The Street Fighter Gospel of Luke

I had no idea what I was going to write for my 100th article, but I knew I needed something big to commemorate the moment. What theory could I possibly write that was worthy of being the 100th? It would need to have an impact. It would need to be eye-opening. It needed to wait until after the Summer Update.
The Summer Update answered nearly everything fans have been asking about Street Fighter V. We not only got two amazing looks at Oro and Akira, but we also got to find out who the final character was. To a lot of people’s disappointment, it wasn’t who they thought it would be. To my disappointment, it wasn’t anyone who I had guessed. It wasn’t Dorai, or Crimson Viper, or März. It was a completely new character, one who Capcom promises to be a “key player” and a “glimpse into Street Fighter’s future”. Say hello to Luke.

A lot of people feel let down by this character’s inclusion. They think he’s too stereotypical, too generic. There’s a lot of blondes in Street Fighter V, and Luke is just another face in the crowd. However, speculation to who he is began the moment he was released. Everyone at first thought him to be Luke/Rook from Capcom Fighting All Stars.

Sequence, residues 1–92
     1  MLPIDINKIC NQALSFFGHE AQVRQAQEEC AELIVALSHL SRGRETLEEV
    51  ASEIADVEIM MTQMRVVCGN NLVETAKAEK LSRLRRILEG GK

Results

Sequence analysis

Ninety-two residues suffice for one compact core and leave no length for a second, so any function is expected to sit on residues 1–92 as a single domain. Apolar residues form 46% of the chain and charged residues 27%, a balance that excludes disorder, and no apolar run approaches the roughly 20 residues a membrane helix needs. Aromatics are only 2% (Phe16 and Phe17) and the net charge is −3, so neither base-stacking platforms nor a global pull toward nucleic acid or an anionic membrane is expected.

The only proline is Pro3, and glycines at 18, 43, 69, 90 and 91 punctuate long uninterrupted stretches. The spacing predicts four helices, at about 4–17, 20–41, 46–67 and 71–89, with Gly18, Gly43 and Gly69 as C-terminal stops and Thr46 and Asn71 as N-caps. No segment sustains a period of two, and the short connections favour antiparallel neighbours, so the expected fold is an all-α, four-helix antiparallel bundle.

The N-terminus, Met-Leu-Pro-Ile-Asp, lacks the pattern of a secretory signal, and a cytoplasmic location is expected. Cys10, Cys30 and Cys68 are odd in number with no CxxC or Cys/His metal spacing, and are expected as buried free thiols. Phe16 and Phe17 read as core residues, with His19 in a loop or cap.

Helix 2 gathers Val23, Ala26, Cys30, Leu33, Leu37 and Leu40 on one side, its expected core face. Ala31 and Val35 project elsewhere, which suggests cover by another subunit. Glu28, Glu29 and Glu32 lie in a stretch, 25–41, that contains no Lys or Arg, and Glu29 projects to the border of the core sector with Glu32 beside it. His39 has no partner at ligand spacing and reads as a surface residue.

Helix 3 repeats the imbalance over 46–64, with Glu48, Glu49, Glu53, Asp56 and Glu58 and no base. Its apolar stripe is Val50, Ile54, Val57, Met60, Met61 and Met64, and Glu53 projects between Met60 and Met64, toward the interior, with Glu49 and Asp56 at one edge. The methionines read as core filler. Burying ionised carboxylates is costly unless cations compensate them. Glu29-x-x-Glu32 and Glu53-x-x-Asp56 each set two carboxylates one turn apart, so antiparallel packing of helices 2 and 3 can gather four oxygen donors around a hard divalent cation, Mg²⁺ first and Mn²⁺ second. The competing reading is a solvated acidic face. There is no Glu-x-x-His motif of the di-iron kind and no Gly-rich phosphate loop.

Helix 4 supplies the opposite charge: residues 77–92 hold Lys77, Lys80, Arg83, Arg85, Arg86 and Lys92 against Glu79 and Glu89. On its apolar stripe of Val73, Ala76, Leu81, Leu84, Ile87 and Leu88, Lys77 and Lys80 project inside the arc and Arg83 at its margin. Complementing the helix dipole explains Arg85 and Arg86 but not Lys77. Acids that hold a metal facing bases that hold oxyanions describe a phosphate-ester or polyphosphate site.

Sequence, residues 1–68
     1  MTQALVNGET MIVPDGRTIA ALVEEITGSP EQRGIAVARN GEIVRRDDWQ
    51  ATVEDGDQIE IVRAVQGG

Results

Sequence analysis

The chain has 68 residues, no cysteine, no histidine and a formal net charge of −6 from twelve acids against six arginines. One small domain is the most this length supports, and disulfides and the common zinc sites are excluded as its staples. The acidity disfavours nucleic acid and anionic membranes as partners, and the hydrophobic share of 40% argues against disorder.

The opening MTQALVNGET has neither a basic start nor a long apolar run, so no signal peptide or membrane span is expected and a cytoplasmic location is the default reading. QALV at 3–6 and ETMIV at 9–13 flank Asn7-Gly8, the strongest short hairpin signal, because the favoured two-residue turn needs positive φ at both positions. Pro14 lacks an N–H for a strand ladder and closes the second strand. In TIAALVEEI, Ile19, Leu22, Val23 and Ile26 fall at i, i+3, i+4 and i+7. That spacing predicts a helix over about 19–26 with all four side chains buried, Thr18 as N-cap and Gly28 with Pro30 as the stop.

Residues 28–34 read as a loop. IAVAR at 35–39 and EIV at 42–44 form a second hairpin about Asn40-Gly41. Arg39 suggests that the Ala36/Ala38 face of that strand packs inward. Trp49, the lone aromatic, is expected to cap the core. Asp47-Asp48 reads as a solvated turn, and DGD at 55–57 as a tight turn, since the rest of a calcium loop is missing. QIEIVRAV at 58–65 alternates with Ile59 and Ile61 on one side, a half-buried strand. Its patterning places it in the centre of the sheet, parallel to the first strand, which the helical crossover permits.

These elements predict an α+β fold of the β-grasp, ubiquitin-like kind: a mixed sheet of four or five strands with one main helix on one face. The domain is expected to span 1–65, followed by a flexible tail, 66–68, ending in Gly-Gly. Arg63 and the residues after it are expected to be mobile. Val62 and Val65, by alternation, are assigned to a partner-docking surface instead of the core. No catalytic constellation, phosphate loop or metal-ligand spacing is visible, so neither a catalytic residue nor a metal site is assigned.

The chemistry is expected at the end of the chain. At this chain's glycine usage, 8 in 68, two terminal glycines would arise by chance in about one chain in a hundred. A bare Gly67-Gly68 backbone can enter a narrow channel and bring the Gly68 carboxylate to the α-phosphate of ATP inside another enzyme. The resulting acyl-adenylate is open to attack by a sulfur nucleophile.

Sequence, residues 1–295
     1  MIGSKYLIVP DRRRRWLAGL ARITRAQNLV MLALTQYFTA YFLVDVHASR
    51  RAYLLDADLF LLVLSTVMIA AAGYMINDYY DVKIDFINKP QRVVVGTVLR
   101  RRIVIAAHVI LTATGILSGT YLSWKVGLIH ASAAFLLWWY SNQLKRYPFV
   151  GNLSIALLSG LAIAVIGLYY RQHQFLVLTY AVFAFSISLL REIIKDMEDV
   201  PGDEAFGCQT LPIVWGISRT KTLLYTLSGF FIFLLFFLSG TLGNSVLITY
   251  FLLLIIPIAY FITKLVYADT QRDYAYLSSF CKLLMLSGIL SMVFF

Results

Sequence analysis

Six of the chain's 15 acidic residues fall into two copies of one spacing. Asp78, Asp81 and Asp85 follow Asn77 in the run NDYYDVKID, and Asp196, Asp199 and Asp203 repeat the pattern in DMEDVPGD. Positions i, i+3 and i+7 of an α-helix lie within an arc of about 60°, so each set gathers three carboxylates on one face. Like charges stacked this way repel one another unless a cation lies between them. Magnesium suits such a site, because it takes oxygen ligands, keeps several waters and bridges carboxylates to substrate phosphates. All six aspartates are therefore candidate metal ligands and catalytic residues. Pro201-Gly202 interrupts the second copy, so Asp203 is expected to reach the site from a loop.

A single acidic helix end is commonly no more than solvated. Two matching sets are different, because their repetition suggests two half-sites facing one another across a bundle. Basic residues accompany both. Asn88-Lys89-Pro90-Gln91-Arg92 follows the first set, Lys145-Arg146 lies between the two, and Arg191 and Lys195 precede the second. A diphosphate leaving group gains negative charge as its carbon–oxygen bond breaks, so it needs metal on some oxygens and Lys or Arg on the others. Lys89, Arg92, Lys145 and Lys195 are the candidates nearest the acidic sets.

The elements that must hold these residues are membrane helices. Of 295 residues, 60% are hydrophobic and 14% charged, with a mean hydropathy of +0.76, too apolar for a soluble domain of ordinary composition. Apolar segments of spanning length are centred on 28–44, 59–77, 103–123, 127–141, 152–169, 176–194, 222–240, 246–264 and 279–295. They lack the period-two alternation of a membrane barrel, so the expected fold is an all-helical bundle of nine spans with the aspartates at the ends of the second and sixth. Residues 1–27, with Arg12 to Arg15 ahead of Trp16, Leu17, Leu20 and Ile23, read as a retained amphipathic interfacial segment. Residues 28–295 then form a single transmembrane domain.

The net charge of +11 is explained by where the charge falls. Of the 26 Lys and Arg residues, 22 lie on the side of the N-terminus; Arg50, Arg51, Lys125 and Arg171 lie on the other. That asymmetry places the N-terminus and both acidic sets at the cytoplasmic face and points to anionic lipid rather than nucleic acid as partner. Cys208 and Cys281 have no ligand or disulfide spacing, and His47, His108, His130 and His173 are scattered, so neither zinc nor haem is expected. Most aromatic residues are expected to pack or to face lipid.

This was quickly shot down by director Takayuki Nakayama on Twitter, who ended up having to tweet out twice that they were not the same.

I moved on to another feature, Luke’s dog tags, thinking he may have been Nash’s son or potentially even trained by Guile. However, even though some of Luke’s attacks do look like he’s throwing Sonic Booms, it’s not enough to say that he was definitively trained by Nash or Guile. What it does show, however, is that he likely served in the military, probably attaining the rank of Captain. This leads us to the big clues that Capcom has given us in Luke’s trailer, and it’s Maximillian Dood of all people who appears to have figured out who Luke is. Max discovered that the star and fire motifs also belonged to a very familiar character.